Friday, July 01, 2011

Red Wing

A friend, Bob Reed, sent me his as-yet unpublished novel yesterday, hoping I'll blurb it--which I will after I've read it. But the title, "The Red-Winged Blackbird" sent my thoughts tumbling back to my dad.
 He was Canadian and had a bit of that British reserve about him--as well as what I considered a kind of droll accent when I got older. He was an osteopathic physician, president of an osteopathic college, and a hosital administrator, a man totally wrapped up in his work. His avocation was gardening, and we had the best backyard--and sideyard--for blocks. That's where Dad spent his weekends, looking like a homeless bum in dirty clothes. But he always dressed for dinner in a fresh white shirt--poor Mom. He was not one of those fathers who aimed to be my best buddy. He hugged and kissed, of course, and bragged about me to others. I have heard stories, even from him, about him taking me sledding when I was little--we lived on a park with a small hill, just right for toddler sledding. But I can't remember that he ever played with me. He was concerned about table manners and behavior and all those things. I know he loved me a lot and was proud of me, especially as I grew older, but he wasn't a pal as my boys are to their children. I should add that I went to work in his office when I was fourteen, and if I've had success as a press director, its because of the organizatonal habits he taught me then. I was given no leeway because I was the boss' daughter--I had to be better than everyone else, work harder, but I loved it.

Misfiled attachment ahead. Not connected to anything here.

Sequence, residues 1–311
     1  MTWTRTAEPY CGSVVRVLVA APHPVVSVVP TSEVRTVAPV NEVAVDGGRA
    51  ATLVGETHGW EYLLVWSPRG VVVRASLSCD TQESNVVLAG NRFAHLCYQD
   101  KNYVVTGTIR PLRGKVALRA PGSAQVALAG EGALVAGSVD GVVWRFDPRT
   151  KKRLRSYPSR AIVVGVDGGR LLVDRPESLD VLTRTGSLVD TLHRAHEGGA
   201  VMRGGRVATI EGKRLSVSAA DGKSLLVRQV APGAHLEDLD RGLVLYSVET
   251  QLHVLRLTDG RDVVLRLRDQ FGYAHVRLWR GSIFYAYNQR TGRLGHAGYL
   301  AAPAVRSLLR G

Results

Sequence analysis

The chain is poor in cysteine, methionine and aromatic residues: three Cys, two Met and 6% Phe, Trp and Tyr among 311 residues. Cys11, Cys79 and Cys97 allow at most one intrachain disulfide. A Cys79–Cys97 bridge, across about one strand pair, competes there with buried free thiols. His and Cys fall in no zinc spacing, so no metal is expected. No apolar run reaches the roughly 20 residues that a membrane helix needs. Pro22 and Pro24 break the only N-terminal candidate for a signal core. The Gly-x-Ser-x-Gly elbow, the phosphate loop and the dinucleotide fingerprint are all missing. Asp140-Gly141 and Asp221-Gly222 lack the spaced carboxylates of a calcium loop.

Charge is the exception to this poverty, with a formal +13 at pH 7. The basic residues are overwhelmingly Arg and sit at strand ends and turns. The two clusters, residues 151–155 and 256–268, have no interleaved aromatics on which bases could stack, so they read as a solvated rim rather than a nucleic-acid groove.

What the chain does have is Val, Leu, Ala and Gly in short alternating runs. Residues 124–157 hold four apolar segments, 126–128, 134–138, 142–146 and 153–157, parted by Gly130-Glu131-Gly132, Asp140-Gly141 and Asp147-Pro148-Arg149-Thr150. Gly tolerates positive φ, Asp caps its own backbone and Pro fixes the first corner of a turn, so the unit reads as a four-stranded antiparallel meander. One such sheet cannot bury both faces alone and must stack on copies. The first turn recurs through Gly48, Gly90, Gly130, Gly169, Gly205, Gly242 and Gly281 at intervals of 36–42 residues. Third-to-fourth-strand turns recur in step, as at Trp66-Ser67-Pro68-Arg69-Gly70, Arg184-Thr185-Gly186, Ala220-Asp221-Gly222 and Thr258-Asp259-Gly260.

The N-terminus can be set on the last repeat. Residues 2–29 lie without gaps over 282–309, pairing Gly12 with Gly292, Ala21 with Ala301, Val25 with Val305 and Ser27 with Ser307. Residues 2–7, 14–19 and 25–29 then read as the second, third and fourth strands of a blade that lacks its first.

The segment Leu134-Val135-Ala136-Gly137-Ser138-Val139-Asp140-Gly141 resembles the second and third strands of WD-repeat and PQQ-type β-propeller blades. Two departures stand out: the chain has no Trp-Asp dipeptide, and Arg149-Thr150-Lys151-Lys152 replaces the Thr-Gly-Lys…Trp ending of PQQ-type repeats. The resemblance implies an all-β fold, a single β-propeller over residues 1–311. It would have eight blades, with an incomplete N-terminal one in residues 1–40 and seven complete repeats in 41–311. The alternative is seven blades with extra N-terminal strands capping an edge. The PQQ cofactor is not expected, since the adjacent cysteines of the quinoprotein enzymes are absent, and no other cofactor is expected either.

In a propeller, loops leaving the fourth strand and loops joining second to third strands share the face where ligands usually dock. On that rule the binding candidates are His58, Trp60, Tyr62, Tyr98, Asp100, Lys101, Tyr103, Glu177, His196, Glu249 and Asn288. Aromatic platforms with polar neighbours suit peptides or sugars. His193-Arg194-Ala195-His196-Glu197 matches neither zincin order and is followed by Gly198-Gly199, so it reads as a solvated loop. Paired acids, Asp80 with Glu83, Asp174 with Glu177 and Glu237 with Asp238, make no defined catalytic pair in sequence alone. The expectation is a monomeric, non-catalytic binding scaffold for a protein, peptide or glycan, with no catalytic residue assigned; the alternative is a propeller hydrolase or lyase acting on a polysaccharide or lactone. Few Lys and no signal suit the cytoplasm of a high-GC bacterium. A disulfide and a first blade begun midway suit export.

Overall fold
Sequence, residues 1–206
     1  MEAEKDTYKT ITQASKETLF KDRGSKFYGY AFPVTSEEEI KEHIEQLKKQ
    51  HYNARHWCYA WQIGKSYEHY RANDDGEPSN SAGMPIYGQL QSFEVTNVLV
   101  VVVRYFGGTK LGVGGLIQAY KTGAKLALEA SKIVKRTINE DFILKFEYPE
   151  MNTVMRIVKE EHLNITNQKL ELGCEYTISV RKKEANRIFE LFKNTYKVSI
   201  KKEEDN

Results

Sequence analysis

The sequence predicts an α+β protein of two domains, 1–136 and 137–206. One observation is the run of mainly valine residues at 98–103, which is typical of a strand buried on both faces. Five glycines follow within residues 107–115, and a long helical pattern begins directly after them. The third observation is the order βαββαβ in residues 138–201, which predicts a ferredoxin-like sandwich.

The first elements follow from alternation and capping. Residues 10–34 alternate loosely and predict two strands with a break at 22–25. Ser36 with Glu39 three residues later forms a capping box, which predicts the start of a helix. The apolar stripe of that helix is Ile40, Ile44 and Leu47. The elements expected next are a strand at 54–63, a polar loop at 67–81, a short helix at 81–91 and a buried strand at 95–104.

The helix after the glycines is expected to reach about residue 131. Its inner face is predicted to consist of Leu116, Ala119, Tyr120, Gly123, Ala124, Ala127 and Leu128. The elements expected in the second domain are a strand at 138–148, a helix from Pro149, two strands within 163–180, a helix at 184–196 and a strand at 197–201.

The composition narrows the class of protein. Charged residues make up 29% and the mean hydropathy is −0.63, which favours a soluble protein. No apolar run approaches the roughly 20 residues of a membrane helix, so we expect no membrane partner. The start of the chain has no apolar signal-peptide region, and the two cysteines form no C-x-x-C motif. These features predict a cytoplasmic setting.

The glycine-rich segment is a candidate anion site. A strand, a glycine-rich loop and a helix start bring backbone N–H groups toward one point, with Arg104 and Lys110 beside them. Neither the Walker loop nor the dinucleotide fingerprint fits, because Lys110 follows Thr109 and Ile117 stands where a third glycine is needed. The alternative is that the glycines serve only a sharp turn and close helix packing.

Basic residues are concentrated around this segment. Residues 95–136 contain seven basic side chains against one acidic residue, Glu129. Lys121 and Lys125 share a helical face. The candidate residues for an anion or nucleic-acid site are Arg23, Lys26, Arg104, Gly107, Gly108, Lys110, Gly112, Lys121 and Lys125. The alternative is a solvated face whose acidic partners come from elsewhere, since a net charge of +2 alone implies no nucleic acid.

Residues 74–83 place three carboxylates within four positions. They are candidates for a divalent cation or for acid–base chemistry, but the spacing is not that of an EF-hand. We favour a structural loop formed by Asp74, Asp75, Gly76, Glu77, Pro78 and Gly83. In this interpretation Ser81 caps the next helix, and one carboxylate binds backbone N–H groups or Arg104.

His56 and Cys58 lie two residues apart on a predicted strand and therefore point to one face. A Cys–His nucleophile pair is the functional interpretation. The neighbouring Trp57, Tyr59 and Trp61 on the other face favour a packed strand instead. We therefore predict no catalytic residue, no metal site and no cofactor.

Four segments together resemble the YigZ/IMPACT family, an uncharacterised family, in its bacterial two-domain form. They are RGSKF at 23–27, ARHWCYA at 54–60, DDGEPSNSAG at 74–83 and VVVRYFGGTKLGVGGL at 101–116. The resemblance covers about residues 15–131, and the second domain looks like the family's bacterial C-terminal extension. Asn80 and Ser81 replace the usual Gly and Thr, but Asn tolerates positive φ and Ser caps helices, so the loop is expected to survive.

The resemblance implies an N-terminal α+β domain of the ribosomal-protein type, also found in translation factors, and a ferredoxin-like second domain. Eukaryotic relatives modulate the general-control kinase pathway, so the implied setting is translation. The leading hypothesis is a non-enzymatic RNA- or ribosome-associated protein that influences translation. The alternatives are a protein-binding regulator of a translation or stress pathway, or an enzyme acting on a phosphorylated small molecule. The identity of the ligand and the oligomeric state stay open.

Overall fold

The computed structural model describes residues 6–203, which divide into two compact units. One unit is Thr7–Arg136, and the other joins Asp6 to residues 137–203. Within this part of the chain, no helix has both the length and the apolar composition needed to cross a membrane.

The thing Dad and I did together was sing at the piano--never mind that neither of us could carry a tune. We were enthusiastic and hearty. Dad played out of several books--the Methodist hymnal, the American Heritage book of Favorite Songs, and a book that had everything from "Carry me back to my old Kentucky Home" to "Scotland's Burning, Scotland's Burning." We sang "Nearer my God to thee" and "Clementine" and--I particularly remember this, "Loch Lomond": Oh, ye take the high road, and I'll take the low,/ and I'll be in Scotland afore ye/But me and my true love/will never ever meet again/ on the bonny banks of Loch Lomond." My love of all things Scottish, of course, comes from my dad, who was fiercely proud of his MacBain Scottish heritage all his life.
Dad didn't play by ear, but there was one song he played from memory, "Red Wing." I never saw music or words for it. But Bob's title made me think of that song, so I looked it up on the Web today: it was copyrighted in 1907, is about Red Wing's love for Hiawatha, and has been sung by a variety of performers. The lyrics I remember are

Oh, the moon shines tonight on pretty Red Wing
the breeze is sighing,
the night bird's crying.
For afar 'neath his star
Her brave is sleeping
While Red Wing's weeping her heart away.

I'm not sure where a Canuck learned that song about American Indian lore, but he played it with gusto. Every once in a while, it comes to my mind and then the tune is stuck in my head for a while. But I like that. It brings back one of the best memories of Dad, who has been gone since 1979.
Bob Reed's title comes from a totally different song, "The Red-Winged Blackbird," written by Billy Edd Wheeler and sung by Joan Collins in the '60s. I'm a big Joan Collins' fan so I'm sure I'd like it. I looked it up on the web too and found lots of offers to make it the ring-tone on your cell phone. What is the world coming to?
Personally I'd like to have the Red Wing melody on my cell phone--it would be a nice reminder of good times.

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